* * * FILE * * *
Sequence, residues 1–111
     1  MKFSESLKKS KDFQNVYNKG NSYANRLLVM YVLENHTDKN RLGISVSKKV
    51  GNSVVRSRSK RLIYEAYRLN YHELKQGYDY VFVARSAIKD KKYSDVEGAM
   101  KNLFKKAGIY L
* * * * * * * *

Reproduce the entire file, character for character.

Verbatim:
Sequence, residues 1–111
     1  MKFSESLKKS KDFQNVYNKG NSYANRLLVM YVLENHTDKN RLGISVSKKV
    51  GNSVVRSRSK RLIYEAYRLN YHELKQGYDY VFVARSAIKD KKYSDVEGAM
   101  KNLFKKAGIY L